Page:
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A Child-Friendly Book Festival

By Mary Embree

If you have attended book festivals, you might have noticed that there were very few children there. When I produced the first Ventura Book Festival in March of last year I tried to remedy that by having a "children’s corner" where there were books for all ages of children and adult readers to read to them. Even though we promoted it, only a few children showed up. Since that didn’t work, I had to think of something else for this year’s festival in Ventura, California, on August 25th. If we could get children to book festivals, it would seem to follow that they’d see the value of reading and writing.

Book festivals promote books and help keep the joy of reading alive—an antidote for too much TV. However, unless there is something to entice children, only adults will attend. Books cover every imaginable subject and are written for a wide age range. Since books have something for everyone, why don’t book festivals? How can we get children to celebrate books and reading along with adults? One way is to get children interested in writing.

Anyone who learns how to write a sentence can write a story. Telling children that they will go farther in life if they learn to write well doesn’t do much to persuade them. They want immediate gratification (don’t we all?). We have to make writing more appealing, show them how they can benefit immediately. So I thought, why not tell them that if they spend a few weeks in a writing group that meets once a week and produce a story, we will publish their stories in a book and they will become published authors—quite an honor for a writer of any age. Not only will they receive a book that contains their own writing, we will promote and sell it at the next Ventura Book Festival. That idea appealed to quite a few children.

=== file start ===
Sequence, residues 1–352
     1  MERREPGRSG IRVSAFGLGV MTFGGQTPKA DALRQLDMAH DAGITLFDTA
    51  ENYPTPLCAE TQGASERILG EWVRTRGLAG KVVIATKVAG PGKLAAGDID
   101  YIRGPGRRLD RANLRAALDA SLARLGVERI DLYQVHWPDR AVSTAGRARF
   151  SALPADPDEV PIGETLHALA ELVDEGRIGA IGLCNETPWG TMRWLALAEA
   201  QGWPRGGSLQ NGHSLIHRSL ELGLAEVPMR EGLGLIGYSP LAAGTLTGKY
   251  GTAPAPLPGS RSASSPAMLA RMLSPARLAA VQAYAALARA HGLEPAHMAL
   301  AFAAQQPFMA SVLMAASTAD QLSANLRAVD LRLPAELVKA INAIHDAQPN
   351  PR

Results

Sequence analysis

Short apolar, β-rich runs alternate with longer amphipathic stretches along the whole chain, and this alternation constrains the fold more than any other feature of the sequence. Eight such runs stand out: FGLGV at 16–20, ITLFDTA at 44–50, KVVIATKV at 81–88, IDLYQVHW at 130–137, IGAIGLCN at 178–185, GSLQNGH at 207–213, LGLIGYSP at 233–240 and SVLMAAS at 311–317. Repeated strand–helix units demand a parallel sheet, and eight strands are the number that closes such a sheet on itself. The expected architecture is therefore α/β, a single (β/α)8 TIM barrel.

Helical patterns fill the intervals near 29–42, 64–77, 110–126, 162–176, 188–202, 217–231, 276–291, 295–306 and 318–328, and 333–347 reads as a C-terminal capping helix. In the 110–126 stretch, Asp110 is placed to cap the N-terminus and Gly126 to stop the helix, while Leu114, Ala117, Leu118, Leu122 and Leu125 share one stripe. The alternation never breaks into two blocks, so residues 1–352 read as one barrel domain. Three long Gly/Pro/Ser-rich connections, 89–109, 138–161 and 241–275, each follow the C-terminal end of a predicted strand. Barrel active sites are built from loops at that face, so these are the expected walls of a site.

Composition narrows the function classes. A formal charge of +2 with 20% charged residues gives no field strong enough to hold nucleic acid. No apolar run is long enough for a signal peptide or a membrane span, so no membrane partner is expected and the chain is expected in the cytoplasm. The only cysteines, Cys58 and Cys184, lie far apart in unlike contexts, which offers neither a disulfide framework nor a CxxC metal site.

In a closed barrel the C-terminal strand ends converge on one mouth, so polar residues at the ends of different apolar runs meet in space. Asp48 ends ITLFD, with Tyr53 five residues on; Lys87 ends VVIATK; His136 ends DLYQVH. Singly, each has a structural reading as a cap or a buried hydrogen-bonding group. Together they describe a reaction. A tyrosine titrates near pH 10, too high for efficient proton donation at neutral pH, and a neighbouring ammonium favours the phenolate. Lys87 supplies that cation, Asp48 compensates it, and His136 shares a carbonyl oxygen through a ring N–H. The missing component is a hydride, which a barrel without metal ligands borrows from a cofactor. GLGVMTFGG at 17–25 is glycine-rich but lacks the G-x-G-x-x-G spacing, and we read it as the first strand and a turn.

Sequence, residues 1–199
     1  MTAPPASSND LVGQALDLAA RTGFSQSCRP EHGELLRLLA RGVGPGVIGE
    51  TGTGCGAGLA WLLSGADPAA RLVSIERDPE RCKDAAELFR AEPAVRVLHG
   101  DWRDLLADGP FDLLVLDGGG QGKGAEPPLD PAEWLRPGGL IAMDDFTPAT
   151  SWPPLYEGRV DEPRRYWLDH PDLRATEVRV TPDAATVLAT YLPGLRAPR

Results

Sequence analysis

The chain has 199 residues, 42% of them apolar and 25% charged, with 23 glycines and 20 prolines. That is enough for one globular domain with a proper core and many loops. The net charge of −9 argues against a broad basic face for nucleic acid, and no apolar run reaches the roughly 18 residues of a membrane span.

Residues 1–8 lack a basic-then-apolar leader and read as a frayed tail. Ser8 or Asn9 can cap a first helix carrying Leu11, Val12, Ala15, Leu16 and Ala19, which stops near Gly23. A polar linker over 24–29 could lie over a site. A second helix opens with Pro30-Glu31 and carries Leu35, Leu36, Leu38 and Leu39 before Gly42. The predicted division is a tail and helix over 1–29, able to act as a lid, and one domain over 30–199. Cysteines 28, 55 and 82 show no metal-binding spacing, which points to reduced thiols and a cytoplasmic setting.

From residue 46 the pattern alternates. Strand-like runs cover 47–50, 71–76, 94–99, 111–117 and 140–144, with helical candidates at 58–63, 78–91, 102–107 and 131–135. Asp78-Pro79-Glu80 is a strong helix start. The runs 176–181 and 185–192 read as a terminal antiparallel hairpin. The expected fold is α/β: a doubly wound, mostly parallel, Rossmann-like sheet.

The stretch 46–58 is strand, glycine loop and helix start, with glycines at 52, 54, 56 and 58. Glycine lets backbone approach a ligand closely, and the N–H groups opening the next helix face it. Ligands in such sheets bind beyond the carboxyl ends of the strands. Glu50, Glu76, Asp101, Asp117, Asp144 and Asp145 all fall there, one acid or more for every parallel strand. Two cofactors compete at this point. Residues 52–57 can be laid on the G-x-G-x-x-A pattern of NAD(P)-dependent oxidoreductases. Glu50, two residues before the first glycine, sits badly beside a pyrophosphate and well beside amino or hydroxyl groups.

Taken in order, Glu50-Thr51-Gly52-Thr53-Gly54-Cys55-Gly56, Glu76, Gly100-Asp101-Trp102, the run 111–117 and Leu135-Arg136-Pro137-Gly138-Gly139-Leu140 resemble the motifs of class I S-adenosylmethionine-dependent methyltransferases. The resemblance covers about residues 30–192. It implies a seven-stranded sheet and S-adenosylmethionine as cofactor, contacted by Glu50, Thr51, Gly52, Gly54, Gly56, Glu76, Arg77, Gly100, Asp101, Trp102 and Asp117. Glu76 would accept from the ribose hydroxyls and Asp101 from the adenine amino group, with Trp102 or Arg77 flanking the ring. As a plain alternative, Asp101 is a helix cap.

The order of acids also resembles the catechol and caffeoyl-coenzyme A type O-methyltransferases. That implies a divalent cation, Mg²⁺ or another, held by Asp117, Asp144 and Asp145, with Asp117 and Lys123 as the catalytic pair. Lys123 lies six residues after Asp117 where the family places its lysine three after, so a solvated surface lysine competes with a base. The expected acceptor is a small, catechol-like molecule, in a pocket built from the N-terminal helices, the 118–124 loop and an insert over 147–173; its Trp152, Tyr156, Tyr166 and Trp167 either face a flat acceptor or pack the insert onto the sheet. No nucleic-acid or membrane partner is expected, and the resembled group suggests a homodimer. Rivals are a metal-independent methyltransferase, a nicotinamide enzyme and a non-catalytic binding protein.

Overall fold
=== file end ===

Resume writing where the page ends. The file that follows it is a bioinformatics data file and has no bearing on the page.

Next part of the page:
Our first writing program was with third- to fifth-grade children at the Boys & Girls Club of Ventura, in a low socio-economic area of the city. Our second program was with teenage girls at the H.P. Wright Library in Ventura. The Literary Arts Society published their books professionally and gave each participant a copy. Both of these writing groups will have booths at the book festival to display and sell their books, with the proceeds going toward other young authors’ programs. The children will also be on a panel to talk about writing and illustrating their stories. All of the children are excited about getting recognition for their work and telling an audience about the process—just as adult authors do.

There WILL be children at the next book festival—that’s guaranteed! These young authors will be a draw for other children to come and see what can be accomplished no matter how young and inexperienced they are. We believe the result will be an increased interest not only in writing but in reading and researching, which is part and parcel to being a good writer.

Not everyone can give children this particular opportunity, but every parent can get their child interested in writing by giving them a pencil and piece of paper and asking them to write a story—any story. If the only reward is typing it up for them and putting it into a greeting card to send to relatives, that may be enough recognition to spur them on to bigger things.

–Mary Embree is an author, literary consultant, editor, book doctor and writers’ workshop leader. She is the founder of the Small Publishers, Artists & Writers Network.

 

 

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